“He said to the angels, ‘No, my lords’ – please. Your servant has indeed found favor in your sight, and you have shown me a great kindness by saving my life (a reason to trust them). But I can’t run to the mountains; the disaster will overtake me, and I will die. Look, this town is close enough for me to run to. It is a small place. Please let me go there – it’s only a small place, isn’t it? – So that I can survive. And the angels said, “All right, I’ll grant your request.” 

Photo by Tim Tiedemann on Unsplash

How many times do we distrust our ability to do what God has called us to do?I believe that God would have given Lot the necessary strength to get to the mountains if only he had faith to believe. For “it is God who works in us to will and to act in order to fulfill His good purpose.” He gives us everything we need to do exactly everything He wants us to do. 

Peter tells us that Lot was a righteous man (2 Peter 2:7-8). God rescued him from the immoral behavior that plummeted the cities of Sodom and Gomorrah. Righteous means he did not engage in these reckless practices, however, we must note, even though Lot didn’t commit the sin engaged around him, He lived his life more in fear than in faith. His fear dictated his decisions. His fear offered his engaged (to be married) daughters as sex slaves to the men of the town who demanded to rape the angels who visited his family.  You never make a wrong right by committing another wrong. 

You never make a wrong right by committing another wrong. Click To Tweet

After asking the angels if he could go to the small town of Zoar, and granting his request to do so, Lot then feared living there, so he took his girls with him to the mountains. This decision opened up the most tragic of tragedies. 

Lot’s firstborn said to her sister, “Our father is old, and there is no man in the land to sleep with us [as is] the custom of all the land. Come, let’s get our father to drink wine so that we can sleep with him and preserve our father’s line.”

Following in their father’s footsteps of fear, these two girls get their father drunk, sleep with him, and through incest, Lot becomes a father and grandfather at the same time. From this sin, the people groups of the Moabites and the Ammonites are born. Both groups commit the worst sensual perversion in the history of Israel.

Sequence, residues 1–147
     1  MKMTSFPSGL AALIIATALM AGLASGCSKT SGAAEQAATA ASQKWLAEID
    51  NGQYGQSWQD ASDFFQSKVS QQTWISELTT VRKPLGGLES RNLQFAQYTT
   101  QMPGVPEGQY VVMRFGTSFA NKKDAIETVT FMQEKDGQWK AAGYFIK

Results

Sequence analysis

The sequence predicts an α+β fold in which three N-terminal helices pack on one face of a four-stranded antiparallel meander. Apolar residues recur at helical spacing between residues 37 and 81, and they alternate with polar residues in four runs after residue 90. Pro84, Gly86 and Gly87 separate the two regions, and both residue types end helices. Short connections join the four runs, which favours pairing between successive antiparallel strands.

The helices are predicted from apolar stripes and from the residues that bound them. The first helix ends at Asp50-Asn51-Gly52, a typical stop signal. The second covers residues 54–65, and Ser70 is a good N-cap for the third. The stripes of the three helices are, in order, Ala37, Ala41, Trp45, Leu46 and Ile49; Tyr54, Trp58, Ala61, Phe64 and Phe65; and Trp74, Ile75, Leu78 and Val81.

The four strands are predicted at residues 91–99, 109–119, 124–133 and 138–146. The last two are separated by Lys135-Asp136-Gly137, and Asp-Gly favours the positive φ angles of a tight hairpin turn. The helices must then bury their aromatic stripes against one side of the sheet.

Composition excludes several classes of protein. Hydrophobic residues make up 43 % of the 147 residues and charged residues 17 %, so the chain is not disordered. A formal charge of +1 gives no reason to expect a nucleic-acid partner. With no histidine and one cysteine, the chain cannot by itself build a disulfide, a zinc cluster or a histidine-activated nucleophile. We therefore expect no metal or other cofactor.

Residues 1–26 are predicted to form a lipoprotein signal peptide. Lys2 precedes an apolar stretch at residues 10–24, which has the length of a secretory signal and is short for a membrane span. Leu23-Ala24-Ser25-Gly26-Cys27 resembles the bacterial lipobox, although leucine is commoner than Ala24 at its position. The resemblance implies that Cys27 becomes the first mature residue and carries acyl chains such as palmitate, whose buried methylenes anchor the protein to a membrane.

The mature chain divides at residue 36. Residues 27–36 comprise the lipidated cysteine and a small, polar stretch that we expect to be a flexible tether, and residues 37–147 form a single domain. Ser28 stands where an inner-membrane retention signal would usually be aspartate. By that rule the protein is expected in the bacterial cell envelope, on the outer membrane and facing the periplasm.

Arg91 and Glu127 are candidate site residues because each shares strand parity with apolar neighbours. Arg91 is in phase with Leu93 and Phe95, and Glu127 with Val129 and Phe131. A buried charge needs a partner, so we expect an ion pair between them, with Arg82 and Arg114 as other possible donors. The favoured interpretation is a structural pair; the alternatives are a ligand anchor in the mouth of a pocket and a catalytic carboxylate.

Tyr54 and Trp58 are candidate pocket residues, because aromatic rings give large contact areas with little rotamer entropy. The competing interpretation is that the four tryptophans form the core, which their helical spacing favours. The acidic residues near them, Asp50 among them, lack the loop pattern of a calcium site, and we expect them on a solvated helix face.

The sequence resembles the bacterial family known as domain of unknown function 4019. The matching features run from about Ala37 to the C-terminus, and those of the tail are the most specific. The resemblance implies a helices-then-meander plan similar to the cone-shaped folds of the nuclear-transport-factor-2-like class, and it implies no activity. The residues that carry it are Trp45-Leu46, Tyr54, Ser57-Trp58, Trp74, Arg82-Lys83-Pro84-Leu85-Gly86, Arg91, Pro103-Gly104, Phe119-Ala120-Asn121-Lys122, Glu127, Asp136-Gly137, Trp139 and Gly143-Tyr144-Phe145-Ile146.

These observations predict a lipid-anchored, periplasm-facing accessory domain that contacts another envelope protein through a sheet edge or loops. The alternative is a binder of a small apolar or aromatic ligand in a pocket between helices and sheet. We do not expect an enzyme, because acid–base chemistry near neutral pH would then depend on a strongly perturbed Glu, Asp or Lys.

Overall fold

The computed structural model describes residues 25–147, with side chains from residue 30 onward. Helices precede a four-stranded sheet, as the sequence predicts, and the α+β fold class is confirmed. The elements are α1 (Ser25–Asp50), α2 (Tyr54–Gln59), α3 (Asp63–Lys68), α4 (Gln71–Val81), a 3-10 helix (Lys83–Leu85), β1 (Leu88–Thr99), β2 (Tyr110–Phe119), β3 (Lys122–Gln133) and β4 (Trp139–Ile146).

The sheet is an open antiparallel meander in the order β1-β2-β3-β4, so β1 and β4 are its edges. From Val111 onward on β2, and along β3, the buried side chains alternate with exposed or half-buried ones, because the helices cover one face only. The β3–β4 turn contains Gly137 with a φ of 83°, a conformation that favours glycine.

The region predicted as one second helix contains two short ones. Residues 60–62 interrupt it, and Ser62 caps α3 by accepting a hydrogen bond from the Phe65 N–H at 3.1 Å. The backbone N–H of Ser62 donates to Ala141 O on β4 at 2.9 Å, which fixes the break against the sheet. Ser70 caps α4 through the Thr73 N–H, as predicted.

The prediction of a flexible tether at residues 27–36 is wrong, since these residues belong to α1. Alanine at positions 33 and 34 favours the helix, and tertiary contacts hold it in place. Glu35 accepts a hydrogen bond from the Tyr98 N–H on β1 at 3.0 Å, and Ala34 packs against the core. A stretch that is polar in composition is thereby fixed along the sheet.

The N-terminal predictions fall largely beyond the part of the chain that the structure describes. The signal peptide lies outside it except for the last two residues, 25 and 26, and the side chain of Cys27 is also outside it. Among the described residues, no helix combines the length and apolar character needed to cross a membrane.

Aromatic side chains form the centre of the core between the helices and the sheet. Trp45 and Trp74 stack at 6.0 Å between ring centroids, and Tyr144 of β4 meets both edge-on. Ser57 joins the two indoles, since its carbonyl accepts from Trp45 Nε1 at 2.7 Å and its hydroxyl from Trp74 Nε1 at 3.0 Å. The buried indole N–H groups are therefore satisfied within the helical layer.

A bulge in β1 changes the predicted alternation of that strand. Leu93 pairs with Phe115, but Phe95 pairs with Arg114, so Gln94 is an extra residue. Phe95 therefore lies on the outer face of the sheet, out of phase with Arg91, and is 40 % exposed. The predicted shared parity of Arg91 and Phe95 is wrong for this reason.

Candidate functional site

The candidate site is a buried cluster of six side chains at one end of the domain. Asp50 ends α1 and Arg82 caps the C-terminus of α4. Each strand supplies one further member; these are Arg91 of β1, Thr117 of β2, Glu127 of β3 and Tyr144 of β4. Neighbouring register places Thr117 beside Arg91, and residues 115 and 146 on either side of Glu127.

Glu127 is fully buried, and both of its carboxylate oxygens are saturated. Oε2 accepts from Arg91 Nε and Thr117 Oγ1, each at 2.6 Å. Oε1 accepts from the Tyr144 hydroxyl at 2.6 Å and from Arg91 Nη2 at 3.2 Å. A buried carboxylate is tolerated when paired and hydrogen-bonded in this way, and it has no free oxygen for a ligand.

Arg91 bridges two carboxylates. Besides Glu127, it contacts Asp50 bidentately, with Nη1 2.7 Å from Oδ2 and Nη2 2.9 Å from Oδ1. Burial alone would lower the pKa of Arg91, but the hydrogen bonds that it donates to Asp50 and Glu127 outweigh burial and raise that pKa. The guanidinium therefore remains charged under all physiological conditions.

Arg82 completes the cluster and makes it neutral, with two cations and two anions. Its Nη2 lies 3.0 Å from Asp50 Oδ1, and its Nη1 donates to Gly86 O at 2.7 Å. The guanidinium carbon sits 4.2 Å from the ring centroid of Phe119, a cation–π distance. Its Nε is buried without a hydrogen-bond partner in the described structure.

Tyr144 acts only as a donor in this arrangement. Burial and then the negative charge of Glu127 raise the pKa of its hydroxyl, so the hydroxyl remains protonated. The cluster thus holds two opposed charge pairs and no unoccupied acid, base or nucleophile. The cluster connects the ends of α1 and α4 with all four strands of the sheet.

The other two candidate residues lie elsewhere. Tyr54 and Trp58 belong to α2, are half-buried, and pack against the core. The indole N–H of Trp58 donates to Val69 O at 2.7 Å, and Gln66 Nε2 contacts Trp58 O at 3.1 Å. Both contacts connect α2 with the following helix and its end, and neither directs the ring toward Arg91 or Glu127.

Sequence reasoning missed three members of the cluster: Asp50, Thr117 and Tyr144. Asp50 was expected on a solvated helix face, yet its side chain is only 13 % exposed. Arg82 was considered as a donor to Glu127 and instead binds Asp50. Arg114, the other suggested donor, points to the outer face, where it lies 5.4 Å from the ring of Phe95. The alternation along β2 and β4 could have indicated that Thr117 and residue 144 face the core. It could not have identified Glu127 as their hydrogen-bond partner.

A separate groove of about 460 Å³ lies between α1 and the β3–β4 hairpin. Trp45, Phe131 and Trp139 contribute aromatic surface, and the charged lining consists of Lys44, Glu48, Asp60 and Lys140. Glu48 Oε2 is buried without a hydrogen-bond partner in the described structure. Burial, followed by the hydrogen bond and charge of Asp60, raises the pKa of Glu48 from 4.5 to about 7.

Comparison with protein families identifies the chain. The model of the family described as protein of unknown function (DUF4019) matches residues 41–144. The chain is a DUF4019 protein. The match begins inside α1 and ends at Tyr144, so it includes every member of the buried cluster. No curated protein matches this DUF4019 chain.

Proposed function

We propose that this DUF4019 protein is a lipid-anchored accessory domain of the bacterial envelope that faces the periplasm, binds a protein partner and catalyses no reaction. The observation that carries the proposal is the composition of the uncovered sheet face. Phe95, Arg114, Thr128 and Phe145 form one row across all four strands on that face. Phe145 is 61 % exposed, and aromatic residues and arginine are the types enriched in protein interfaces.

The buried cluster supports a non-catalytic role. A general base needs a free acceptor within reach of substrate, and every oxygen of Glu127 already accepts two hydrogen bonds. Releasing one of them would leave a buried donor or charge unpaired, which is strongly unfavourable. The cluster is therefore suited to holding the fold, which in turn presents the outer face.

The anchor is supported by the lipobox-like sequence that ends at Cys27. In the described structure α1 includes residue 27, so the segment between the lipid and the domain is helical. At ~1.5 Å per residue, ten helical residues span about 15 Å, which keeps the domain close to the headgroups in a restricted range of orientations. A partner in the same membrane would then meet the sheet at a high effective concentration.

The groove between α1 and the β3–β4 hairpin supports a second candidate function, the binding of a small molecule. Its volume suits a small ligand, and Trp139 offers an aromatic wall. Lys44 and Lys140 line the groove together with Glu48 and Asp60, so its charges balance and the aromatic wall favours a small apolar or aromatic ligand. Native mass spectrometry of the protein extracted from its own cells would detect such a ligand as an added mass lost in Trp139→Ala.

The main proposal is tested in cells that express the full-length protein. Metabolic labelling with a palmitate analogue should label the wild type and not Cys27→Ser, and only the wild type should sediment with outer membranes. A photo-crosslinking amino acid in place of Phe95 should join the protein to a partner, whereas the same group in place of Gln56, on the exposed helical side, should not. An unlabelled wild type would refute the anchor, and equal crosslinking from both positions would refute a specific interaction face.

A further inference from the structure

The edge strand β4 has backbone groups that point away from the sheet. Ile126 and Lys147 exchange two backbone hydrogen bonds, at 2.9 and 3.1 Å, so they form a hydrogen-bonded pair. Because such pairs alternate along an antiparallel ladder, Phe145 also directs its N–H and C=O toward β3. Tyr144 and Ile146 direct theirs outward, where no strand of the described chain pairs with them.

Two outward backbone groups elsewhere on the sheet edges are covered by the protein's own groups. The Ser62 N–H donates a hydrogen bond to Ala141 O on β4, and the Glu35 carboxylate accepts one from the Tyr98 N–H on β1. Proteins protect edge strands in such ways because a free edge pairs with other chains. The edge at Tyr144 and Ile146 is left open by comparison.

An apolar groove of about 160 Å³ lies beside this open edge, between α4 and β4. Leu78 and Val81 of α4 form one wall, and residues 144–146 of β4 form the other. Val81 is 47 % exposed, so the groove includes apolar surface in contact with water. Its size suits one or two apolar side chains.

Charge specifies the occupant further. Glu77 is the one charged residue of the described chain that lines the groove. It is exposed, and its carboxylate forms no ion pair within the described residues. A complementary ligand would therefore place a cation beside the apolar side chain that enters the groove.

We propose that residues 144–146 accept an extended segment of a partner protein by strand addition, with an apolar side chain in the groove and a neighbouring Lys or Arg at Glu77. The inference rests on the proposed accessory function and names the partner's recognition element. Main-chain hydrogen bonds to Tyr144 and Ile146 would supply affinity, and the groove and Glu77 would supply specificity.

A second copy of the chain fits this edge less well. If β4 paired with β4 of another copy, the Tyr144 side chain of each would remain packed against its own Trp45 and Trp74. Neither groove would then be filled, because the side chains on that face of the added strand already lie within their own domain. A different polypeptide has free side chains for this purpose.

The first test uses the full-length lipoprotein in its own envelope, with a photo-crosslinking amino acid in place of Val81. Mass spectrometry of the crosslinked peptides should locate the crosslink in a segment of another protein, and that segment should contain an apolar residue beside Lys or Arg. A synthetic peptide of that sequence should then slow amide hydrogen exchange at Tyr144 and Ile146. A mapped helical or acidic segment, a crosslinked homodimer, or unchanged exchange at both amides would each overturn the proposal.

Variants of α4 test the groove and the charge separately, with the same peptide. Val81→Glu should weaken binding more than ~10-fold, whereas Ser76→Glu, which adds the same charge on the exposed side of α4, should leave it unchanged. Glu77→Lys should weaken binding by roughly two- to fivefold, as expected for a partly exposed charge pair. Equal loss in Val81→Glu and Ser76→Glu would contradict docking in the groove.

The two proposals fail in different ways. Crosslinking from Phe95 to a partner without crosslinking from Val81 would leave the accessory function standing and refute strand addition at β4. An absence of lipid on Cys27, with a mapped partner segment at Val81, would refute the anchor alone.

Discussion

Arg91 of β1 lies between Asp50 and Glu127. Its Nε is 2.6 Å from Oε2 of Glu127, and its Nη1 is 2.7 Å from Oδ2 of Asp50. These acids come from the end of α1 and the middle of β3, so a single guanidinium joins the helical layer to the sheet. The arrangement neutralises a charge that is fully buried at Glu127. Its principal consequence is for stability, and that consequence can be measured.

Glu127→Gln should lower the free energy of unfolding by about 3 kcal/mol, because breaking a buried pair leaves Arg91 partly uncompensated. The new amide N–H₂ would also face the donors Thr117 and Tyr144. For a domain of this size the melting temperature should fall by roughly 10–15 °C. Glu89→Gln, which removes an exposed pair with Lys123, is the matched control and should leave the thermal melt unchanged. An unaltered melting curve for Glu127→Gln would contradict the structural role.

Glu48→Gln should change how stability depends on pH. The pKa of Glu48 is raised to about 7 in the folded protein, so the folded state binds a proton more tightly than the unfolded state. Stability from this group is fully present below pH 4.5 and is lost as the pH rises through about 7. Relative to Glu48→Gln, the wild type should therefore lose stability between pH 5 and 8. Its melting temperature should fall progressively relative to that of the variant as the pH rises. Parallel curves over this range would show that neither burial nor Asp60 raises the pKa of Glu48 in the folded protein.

I wonder how Lot’s family would have been different if he led them in faith instead of fear? 

Photo by Lachlan Dempsey on Unsplash 

Would his wife have looked back at the city and turned into a pillar of salt? No, she would have trusted God by her husband’s side.

Would incest have ever entered their daughter’s mind? No, they would have turned to the Lord and asked His provision of a husband, or better yet, just maybe the men who they were engaged to would have followed them out of the citybecause Lot would have mentored them in faith.  

I look at my own life and wonder what it would look like if I had obeyed God immediately in some situations? I will never know. But one thing I do know is hesitation to obey God immediately costs us something – it costs us God’s best as fear settles for less.

The good news is this, God’s grace and compassion are infinite. Past mistakes have passed, and today I can begin living a different story.  

Will you join me and kick hesitation behind you and practice immediate obedience today?Digging Deeper: Read Genesis 19, Philippians 2:13, 2 Peter 2:1-10, Matthew 6:25-34

2 comments

  1. Oh, Marcie… this is soo good. And how often do all of us allow fear to overrule our faith? Very convicting, challenging and inspiring post, my godly friend! Thank you! <3 and hugs!

    1. Unfortunately I can give into fear more that I’d like to admit, but I’m learning not to. Genesis 19 was quite convicting on the point for me. Glad you liked it! 😀